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Medically reviewed by Last updated on May 6, 2024.

What is proctitis?

Proctitis is a condition where you have inflammation of the lining of your rectum. The rectum is the last part of your large intestine that ends at your anus. If the inflammation continues into your colon, it is called proctolitis. Proctitis may be a short-term or long-term condition.

What causes proctitis?

What are the signs and symptoms of proctitis?

How is proctitis diagnosed?

Your healthcare provider will examine you and check your abdomen and groin. Your provider may ask about other health conditions, including your past travels or activities. This also includes exposures and contacts, diseases, or treatments you may have had. Your provider may also check your rectum by inserting a gloved finger into your anus. You may need any of the following tests:

How is proctitis treated?

Treatment will depend on the cause of the proctitis. Mild proctitis caused by radiation may resolve without treatment. In other cases, treatment may include any of the following:

Treatment options

The following list of medications are related to or used in the treatment of this condition.

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What else may be used to treat proctitis?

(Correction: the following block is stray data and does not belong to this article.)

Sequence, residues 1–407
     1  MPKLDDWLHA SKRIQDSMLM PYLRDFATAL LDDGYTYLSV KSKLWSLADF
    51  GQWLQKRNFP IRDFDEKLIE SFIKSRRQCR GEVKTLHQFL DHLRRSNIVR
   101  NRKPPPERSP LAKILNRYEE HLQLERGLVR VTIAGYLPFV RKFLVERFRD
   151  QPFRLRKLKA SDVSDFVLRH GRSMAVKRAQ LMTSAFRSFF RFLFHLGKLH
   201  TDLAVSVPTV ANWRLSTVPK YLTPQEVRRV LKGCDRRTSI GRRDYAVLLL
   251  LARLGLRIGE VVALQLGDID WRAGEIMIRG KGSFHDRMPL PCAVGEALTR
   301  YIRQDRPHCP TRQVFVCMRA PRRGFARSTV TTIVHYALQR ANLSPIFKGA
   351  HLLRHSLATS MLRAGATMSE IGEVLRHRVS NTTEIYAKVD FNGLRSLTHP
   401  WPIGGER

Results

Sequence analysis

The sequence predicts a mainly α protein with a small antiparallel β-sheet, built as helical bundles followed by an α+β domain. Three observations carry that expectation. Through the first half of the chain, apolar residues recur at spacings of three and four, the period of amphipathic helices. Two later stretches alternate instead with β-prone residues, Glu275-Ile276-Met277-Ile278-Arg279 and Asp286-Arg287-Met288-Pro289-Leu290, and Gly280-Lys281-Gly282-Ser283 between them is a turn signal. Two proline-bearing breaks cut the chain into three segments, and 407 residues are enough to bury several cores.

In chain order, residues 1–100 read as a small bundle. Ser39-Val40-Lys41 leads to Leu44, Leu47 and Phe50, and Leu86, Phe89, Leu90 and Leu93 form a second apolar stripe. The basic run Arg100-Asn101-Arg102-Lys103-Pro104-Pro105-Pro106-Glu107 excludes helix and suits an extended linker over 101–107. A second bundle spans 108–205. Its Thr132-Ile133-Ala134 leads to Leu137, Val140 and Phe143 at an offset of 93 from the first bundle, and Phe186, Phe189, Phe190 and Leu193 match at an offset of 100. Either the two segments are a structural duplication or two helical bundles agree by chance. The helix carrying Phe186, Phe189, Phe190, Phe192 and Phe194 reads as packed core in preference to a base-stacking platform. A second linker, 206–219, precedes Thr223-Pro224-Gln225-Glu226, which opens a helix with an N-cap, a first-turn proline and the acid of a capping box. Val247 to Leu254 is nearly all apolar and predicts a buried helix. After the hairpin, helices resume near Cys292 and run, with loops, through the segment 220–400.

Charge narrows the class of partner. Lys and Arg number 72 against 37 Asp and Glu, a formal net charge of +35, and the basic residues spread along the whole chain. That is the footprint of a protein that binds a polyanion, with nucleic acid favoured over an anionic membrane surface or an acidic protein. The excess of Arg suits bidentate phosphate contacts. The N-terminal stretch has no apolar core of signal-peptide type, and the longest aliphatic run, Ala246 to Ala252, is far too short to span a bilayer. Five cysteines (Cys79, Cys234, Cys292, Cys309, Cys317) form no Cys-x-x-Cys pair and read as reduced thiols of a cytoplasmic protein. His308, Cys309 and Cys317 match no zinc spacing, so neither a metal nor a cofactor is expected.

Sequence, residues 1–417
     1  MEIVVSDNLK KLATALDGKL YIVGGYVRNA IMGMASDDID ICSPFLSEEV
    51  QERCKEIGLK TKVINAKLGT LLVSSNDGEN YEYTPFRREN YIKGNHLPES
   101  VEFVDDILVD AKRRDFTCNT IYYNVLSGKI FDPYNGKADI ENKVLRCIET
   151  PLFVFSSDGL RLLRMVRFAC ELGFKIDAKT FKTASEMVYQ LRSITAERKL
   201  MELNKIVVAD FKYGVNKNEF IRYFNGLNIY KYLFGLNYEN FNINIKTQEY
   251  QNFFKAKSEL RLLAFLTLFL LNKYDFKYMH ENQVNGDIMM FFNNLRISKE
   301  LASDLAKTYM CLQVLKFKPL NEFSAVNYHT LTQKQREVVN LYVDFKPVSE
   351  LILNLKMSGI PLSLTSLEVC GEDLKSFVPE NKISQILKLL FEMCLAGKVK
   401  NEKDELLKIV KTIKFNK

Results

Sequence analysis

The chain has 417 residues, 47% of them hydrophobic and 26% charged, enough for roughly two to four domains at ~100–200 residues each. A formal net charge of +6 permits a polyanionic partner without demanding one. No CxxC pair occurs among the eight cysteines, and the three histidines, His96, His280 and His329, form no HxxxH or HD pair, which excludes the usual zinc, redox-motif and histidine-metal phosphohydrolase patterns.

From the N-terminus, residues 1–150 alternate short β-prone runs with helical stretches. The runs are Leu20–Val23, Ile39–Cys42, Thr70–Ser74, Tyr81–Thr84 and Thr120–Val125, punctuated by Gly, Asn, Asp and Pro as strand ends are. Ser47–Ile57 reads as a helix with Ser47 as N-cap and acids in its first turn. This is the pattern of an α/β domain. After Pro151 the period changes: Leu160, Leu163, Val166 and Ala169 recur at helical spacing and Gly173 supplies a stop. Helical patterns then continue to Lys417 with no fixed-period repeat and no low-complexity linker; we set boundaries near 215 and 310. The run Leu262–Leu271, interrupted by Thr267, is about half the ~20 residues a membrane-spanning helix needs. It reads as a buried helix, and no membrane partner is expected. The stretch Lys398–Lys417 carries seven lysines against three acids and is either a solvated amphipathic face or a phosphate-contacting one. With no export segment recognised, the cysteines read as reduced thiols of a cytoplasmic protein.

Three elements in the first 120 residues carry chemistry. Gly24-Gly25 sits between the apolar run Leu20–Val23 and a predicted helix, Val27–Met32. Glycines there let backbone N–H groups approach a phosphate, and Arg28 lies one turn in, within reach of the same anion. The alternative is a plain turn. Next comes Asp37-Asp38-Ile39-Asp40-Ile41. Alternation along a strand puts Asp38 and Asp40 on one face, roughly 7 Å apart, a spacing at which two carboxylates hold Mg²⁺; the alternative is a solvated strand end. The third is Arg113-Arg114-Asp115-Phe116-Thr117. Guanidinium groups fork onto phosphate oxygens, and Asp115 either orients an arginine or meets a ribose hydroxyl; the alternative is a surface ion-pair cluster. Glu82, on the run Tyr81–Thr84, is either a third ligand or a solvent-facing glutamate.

If you are bleeding, your healthcare provider may recommend the following:

What are the risks of proctitis?

Some tests or procedures done inside your bowels may cause a perforation (tear) and narrowing. If not treated, proctitis may cause more bleeding or ulcers and scars to form. Scar tissue may lead to narrowing of your rectum. Germs causing your infection may enter your tissues and cause an abscess (collection of pus). A fistula (abnormal connection) may form from your anus or rectum to your skin or another organ. If you are a woman, a fistula may connect your rectum to your vagina.

How can I help treat or prevent proctitis?

When should I seek immediate care?

When should I call my doctor?

Care Agreement

You have the right to help plan your care. Learn about your health condition and how it may be treated. Discuss treatment options with your healthcare providers to decide what care you want to receive. You always have the right to refuse treatment. The above information is an educational aid only. It is not intended as medical advice for individual conditions or treatments. Talk to your doctor, nurse or pharmacist before following any medical regimen to see if it is safe and effective for you.

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